Now it would be much better to try to get Putin into a kind of association with the EU, as it once seemed possible through the friendship with Berlusconi, instead of enacting such self-defeating (at least for Italy) sanctions. Furthermore, Russia could be extremely helpful in fighting against IS, providing that its interests in Syria are respected and also that the self-determination of the Russophones of Ukraine is respected.
Ukraine will be much better without a hostile minority within its borders, and we (Italy) will not have to pay the huge bill, which unfortunately, probably, will not be limited to money.
JE comments: The big question is whether an agreement can be reached with Putin that doesn't smell of "appeasement." For now, this doesn't seem possible. Fear of encirclement, the need to save face, local squabbles turning into a global crisis--isn't 2014 starting to look like 1914?
Personal Update; Is 2014 Starting to Look like 1914?
(Hall Gardner, France
11/04/14 8:20 AM)
I have finally completed my next book, The Failure to Prevent World War I: The Unexpected Armageddon to be published by Ashgate in the spring of 2015. Over the past few months I have been able to go through a good bit of internal French documentation which I don't believe has been adequately explored by historians and which I hope raises some questions as to the deeper origins of the conflict. It is not the same book as it was a few months ago. And there is still much more to explore! Anyway, we shall see when the reviews come out!
As per John E's question of 3 November, as to whether the "[Russian] fear of encirclement, the need to save face, local squabbles turning into a global crisis--isn't 2014 starting to look like 1914?" I would say yes!
Perhaps more like period before World War I than the period before World War II, in which the possibility of major power war appeared more imminent than in the period before July-August 1914, the Russian annexation of Crimea has raised the question as to whether the US and Europeans should pursue a geostrategy toward Russia that seeks to place geostrategic, military and political-economic pressures on Moscow in an effort to force it to relinquish Crimea, much as the French under Delcassé and Poincaré had hoped to pressure Germany to relinquish Alsace-Lorraine before WWI, at least by peaceful means through a policy of "encirclement," if possible.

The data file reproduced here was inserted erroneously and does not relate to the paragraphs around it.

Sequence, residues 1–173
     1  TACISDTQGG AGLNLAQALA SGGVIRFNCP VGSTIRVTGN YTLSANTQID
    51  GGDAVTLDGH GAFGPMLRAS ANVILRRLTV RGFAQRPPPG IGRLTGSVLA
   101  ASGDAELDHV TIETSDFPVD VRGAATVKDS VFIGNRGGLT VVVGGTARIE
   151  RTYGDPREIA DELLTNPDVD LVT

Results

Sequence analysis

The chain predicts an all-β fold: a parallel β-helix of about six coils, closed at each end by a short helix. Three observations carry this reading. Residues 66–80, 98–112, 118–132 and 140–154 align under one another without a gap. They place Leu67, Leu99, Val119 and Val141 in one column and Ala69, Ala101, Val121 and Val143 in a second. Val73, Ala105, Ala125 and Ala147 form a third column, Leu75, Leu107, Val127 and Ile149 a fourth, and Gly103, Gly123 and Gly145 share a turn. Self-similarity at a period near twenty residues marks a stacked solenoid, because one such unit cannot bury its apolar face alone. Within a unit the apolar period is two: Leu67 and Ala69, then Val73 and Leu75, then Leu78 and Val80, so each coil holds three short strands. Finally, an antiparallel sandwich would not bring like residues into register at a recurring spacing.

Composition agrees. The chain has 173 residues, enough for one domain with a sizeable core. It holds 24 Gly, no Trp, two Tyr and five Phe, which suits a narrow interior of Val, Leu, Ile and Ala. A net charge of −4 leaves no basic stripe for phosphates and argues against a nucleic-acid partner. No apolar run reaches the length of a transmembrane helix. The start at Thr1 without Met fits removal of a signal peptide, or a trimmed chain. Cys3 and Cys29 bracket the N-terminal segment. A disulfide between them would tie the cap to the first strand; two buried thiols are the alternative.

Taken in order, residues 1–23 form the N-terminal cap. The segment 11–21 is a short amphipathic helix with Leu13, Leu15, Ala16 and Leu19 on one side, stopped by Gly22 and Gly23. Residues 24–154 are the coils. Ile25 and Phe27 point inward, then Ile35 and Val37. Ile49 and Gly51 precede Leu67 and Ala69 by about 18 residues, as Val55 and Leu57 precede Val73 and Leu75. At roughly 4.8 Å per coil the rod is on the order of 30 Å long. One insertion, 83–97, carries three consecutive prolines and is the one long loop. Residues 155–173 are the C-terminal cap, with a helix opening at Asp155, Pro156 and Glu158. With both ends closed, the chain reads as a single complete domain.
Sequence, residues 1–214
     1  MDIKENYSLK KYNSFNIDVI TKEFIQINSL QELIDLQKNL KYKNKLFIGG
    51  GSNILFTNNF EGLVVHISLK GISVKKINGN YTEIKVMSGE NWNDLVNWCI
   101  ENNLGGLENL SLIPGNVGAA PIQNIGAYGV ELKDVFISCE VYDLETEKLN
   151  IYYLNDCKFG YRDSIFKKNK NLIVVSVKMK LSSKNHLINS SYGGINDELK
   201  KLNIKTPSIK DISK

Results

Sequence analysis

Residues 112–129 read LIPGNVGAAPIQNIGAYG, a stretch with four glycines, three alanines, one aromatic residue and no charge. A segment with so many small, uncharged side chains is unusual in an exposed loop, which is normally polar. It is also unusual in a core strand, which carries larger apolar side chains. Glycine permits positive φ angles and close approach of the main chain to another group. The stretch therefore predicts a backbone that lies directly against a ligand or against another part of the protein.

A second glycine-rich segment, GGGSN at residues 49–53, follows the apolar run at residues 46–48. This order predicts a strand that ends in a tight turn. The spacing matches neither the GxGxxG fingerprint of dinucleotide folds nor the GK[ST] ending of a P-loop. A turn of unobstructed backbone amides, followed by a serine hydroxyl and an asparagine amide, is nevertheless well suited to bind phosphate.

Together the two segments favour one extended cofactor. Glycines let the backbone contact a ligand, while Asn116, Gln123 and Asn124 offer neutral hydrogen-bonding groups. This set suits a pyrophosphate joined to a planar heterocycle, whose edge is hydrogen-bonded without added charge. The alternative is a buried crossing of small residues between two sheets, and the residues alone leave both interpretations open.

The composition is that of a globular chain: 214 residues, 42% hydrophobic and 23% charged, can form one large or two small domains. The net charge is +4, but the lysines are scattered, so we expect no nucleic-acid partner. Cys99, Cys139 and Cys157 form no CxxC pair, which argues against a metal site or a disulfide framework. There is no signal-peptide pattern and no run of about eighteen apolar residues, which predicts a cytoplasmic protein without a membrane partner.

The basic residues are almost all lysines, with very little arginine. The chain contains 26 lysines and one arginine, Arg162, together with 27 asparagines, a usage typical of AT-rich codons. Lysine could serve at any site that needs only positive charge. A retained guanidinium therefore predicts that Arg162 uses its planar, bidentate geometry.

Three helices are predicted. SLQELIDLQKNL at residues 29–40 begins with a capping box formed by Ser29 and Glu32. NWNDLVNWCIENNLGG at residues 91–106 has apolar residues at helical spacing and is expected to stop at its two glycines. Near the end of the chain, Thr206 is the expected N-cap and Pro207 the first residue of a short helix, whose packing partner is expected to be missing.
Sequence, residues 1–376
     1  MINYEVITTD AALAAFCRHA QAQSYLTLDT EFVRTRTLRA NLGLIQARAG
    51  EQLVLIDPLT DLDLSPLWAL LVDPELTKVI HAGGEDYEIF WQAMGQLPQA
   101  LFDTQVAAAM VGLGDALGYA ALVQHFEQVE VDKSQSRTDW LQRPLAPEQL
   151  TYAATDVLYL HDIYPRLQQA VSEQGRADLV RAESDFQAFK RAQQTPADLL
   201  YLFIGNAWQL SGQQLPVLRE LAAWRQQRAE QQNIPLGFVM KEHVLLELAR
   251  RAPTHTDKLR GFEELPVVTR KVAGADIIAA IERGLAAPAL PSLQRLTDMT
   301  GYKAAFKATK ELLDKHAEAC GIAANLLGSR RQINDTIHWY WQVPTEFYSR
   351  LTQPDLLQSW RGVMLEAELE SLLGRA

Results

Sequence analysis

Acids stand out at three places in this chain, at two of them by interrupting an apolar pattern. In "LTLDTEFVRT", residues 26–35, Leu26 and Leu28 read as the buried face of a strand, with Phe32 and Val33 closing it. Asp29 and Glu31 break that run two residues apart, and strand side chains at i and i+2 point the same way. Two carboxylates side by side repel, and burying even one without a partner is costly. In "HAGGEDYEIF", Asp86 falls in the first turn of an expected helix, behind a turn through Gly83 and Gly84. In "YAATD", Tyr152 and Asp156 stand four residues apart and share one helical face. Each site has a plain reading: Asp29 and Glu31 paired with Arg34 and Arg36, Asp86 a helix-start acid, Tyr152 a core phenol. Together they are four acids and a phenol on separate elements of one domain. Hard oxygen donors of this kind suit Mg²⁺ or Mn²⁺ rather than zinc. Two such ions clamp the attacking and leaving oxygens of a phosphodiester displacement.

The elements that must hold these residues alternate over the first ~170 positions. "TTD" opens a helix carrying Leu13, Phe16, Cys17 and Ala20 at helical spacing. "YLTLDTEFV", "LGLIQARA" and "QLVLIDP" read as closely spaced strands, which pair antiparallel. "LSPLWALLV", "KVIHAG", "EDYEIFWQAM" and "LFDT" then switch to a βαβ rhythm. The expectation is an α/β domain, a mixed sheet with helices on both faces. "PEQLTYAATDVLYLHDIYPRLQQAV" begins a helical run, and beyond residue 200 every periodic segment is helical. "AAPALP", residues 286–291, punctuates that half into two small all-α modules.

Or should the US and Europeans engage in a strategy more like that urged by Jean Jaurès that would attempt to keep the door open for the US and Europeans to work more positively with Moscow in an effort to "internationalize" Crimea, so as to jointly guarantee the security and development of the entire Black Sea region through international security guarantees--and in the process of forging what was then called the "United States of Europe" (with respect to France, Germany and Great Britain) or what can be now called a "Euro-Atlantic Confederation" (with respect to Europe, Russia and the United States)?
I would suggest that the former path of "encirclement" will lead to disaster; Russia will not back off or break up peacefully as did the former Soviet Union. At the same time, a 21st-century version of the Jaurès strategy will not prove easy to implement, and will confront considerable eastern European opposition to any effort to work with Russia--not to overlook doubts and skepticism inside Moscow itself. The obstacles are not entirely insurmountable, but peace will only be achieved if the growing lack of trust between the US, Europeans and Russia can soon be overcome. This will require an entire re-thinking of American and European global strategy toward Russia--and concrete steps toward a new rapprochement.
Hope all is well with WAISers--even if the world seems to be on the verge of cracking heads once again!
Now to begin working on the next book: Crimea: Prologue to Global War?
JE comments: Hall Gardner has been quiet in WAISworld, but he's certainly been busy! (Great to hear from you, Hall!) Since the Great War has become something of a hobby for me, I had the chance over the summer to review the manuscript of Hall's Unexpected Armageddon. It is an exhaustively researched study into Europe's geostrategy prior to 1914. Hall convincingly deconstructs both Fritz Fischer's "Prussian Bellicosity" thesis, as well as its antithesis, the notion that World War I broke out accidentally due to factors beyond anyone's control. Among other factors, Hall forces us to reconsider the contribution of French revanchism to the establishment of the two alliances that would clash in August 1914.
I'll be sure to post the announcement when Unexpected Armageddon is available to the public.
Hall's next book, Crimea: Prologue to Global War? is a risky scholarly endeavor. Should the present crisis blow over in a year or so, then the book will become obsolete. And if global war does erupt, Hall will be hailed as a prophet--but the cost is too horrible to contemplate.
- Soros on Putin (Eugenio Battaglia, Italy 11/03/14 2:31 PM)